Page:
Monday, 06 July 2015 13:36

Paddy Cole: Castleblayney Musician & International Star

Written by

Famous Son Of Ireland: Musician Category:

Longevity In Music & Showbiz Hallmark Of Co. Monaghan's Paddy Cole

 

Instant recognition around your native soil and throughout the nation is not always a signal to elevate a person into a Hall of Fame. Monaghan and Castleblayney native Paddy Cole is certainly around for over 40 years playing his saxophone and clarinet and his legions of fans embrace his musical talent.

He is a great ambassador of music and an artist who is worthy of recognition and incorporation in our All Ireland Hall of Fame Online Gallery.

 

The Castleblayney district is famed for its production line of famous musicians and singers and in recent times the Castleblayney Town Council bestowed the freedom of Castleblayney on three of its most famous music ambassadors, Paddy Cole, Big Tom McBride and Anna McGoldrick.

 

Paddy Cole’s distinguished musical career began with a local band from Castleblayney, The Maurice Lynch Showband. This band was hugely successful all over Ireland and had a number of Irish chart successes. The showband that brought Paddy Cole to national and international stardom at home and abroad was the famous Capitol Showband.

 

The sax and clarinet legend had a huge jazz repertoire also and with The Capitol Paddy toured Ireland, Britain, America and Canada and the Irish group were the first ever Irish Showband to feature on the world famous TV show – Saturday Night At The London Palladium. The TV audience was over 30 million.

 

When the music mood for the showbands of Ireland began to decline in the early 1970’s, the fallout was immense. An opportunity later arose with Brendan Bowyer's new band ‘The Big 8’ and the neon lights of Las Vegas beckoned Paddy Cole to start out a new and great adventure.

 

The new band was fronted by renowned vocalist Brendan Bowyer and Dubliner Twink. An annual Las Vegas contract of seven months playing three gigs every night on the Las Vegas strip was a demanding task and finally Paddy decided that the green fields of the Emerald Isle were calling him back home.

 

Raising a young family under the Las Vegas neon lights had lost its shine for Paddy and his wife and a decision was made to return home to Ireland. Twink had also returned to Ireland.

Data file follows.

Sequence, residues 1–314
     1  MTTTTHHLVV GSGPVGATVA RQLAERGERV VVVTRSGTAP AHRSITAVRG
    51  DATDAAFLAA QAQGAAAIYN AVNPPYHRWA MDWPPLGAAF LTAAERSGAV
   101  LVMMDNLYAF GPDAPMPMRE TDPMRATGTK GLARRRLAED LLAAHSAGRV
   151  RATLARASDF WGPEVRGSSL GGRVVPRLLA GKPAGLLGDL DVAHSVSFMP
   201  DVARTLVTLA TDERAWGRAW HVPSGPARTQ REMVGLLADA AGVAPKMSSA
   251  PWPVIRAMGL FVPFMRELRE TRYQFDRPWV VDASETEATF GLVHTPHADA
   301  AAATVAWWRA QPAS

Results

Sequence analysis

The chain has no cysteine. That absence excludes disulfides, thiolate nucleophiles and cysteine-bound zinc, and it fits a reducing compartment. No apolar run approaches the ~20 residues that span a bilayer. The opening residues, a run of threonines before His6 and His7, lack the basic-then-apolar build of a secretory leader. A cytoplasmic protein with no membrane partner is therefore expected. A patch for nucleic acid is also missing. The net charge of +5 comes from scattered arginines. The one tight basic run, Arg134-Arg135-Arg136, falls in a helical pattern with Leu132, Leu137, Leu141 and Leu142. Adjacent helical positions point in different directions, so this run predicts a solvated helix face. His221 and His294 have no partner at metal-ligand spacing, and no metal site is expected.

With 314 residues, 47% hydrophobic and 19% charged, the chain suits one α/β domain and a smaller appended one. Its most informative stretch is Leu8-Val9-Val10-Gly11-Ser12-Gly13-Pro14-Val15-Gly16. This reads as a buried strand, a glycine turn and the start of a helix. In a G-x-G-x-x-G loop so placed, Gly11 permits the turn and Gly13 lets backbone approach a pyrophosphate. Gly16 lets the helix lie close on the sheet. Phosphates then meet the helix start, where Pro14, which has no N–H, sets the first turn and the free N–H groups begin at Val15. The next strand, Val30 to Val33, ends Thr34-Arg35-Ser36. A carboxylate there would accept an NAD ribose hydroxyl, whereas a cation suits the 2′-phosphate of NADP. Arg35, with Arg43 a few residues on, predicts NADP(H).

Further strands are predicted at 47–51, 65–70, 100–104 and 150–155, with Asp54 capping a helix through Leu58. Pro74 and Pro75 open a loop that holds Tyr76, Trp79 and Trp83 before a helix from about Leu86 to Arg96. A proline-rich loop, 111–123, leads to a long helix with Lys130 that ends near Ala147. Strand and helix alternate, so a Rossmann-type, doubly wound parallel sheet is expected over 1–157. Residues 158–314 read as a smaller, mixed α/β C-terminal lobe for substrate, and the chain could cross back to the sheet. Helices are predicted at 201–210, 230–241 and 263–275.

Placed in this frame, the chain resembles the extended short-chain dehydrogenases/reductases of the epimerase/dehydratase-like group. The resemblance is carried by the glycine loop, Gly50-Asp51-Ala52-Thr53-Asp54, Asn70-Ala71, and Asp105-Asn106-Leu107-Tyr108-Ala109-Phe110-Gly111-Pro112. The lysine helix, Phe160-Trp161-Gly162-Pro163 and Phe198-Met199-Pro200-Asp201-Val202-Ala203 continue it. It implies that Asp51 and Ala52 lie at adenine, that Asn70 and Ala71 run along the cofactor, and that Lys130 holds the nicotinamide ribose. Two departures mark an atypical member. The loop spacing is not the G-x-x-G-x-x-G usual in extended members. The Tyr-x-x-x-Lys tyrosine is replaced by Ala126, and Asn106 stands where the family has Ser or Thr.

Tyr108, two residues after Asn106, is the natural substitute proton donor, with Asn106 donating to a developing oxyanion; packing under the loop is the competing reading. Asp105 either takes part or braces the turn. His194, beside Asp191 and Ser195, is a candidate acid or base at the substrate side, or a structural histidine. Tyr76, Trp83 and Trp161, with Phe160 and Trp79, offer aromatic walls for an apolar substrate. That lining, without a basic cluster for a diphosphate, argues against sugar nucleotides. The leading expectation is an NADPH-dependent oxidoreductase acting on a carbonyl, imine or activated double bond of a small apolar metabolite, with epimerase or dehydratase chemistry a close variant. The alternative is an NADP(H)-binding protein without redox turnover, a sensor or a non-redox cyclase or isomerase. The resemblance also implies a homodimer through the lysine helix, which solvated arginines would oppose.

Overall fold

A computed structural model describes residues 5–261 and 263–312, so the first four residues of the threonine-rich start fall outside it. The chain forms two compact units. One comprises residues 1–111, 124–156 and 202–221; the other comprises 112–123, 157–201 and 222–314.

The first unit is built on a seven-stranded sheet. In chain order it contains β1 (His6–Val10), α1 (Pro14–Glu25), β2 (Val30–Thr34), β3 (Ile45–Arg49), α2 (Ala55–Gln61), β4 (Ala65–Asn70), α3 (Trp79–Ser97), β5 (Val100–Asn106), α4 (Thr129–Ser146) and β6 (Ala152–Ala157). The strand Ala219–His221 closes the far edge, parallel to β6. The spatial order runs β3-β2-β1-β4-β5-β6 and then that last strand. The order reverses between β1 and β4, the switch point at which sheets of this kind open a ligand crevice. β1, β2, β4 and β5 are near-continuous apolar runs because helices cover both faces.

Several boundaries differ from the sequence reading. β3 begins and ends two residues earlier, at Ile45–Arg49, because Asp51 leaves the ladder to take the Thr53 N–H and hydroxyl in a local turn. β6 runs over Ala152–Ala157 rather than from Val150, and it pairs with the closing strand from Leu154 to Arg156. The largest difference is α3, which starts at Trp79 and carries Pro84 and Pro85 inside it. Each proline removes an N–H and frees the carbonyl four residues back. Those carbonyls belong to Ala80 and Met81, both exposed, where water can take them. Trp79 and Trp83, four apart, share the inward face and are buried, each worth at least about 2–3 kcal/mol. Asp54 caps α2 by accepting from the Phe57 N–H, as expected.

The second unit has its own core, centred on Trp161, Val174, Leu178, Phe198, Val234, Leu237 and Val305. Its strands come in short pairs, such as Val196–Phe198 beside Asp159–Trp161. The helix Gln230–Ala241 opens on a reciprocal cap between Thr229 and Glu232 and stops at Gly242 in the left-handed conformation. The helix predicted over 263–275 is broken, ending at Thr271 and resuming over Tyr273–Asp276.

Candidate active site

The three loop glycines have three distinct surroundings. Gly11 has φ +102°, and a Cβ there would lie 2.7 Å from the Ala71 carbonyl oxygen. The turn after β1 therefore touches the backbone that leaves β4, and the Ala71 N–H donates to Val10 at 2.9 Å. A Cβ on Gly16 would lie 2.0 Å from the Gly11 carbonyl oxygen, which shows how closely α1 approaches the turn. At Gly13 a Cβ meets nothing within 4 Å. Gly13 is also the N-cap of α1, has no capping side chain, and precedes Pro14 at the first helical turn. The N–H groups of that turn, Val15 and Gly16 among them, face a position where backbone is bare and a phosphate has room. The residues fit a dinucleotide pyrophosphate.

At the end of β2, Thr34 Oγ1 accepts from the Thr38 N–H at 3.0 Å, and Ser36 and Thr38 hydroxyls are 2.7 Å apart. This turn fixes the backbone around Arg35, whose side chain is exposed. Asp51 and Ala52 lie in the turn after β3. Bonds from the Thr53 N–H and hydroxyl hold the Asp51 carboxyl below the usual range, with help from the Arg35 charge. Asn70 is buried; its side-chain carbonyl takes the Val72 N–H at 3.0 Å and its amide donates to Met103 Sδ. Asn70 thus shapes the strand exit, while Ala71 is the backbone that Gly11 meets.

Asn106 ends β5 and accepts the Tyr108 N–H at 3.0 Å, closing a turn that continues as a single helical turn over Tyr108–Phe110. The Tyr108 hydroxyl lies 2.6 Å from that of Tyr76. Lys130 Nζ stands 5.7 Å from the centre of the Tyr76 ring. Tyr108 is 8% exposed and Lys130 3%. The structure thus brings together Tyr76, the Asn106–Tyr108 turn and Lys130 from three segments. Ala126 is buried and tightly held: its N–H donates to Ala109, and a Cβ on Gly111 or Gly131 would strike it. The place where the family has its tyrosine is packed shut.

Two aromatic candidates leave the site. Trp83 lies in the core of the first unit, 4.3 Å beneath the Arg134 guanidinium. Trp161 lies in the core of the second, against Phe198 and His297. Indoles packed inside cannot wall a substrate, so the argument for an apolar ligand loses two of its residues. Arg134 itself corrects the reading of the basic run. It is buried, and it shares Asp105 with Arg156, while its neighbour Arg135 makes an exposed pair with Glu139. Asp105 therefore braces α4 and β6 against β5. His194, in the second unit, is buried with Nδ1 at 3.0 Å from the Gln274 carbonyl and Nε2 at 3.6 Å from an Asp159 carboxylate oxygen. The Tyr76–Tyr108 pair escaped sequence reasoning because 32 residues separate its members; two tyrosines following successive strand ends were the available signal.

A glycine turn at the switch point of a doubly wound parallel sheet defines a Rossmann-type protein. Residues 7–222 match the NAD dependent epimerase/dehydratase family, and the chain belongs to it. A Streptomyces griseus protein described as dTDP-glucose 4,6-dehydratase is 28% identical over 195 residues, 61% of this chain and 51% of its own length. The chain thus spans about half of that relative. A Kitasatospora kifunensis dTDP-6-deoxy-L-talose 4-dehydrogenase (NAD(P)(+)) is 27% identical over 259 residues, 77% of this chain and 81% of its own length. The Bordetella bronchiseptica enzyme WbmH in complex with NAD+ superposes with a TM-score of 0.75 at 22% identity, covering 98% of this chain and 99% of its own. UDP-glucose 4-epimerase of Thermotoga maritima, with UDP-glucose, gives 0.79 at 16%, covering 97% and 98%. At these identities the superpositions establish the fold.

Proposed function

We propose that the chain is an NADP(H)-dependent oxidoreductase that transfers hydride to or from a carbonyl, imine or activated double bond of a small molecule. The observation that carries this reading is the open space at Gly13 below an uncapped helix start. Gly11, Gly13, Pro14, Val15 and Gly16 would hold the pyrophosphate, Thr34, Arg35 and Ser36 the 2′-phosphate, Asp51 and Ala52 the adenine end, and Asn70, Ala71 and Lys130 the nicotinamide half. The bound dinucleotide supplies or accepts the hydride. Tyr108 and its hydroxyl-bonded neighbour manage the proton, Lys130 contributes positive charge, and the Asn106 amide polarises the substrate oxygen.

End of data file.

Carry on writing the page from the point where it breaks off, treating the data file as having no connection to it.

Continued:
In the late 1970’s and early ‘80’s another horizon came his way. After his re-engagement on the Irish music circuit, the Catleblayney superstar musician founded ‘The Paddy Cole Superstars’ with Twink out front on vocals.

 

The emphasis was primarily on North Of Ireland venues but the entire music industry in Ireland fell into a mortal gloom when three members of the famous Miami Showband were fatally ambused by a Loyalist group near Banbridge, Co. Down.

 

The fallout from the Miami Massacre effected Irish bands financially but Paddy Cole made a surprise decision to leave his own band (some say he was sacked by his own band) in 1981 and set up in the pub business in his home town of Castleblayney.

 

The pub trade lasted for 12 years but music was Paddy’s life all through his childhood and teenage years and doors in that direction were not bolted on Paddy Cole.

 

The popular Irish ‘King of Jazz’ has presented his own TV and radio shows in the 1990’s and in 1993 RTE television crowned the Monaghan musical wizard ‘Showbiz Personality of the Year’.

Induction into the Irish Music Hall of Fame in 1997 was always beckoning and duly accorded.

 

A music career that started as a nine year old student has incorporated several decades in showbiz and mention of the name Paddy Cole immediately focuses on the saxophone and clarinet genius from Castleblayney, Co. Monaghan.

 

The famous annual Cork International Jazz Festival was also an occasion for Paddy Cole to assemble with many of the world's greatest jazz musicians and huge crowds always came to his Cork gigs.

 

The incorporation of Paddy Cole ‘Ireland's King of Jazz’ into our All Ireland Hall of Fame Online Gallery is a welcome addition to our music collection of Irish legends.

Last modified on Thursday, 13 July 2017 19:55
Previous Next Play Pause